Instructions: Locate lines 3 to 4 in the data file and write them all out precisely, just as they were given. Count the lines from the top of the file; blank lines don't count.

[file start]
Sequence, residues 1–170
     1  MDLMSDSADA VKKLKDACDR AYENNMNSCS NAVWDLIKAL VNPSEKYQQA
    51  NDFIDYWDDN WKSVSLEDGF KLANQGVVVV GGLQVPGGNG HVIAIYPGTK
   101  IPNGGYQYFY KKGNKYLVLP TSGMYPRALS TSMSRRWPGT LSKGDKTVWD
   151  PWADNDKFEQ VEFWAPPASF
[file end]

    51  NDFIDYWDDN WKSVSLEDGF KLANQGVVVV GGLQVPGGNG HVIAIYPGTK
   101  IPNGGYQYFY KKGNKYLVLP TSGMYPRALS TSMSRRWPGT LSKGDKTVWD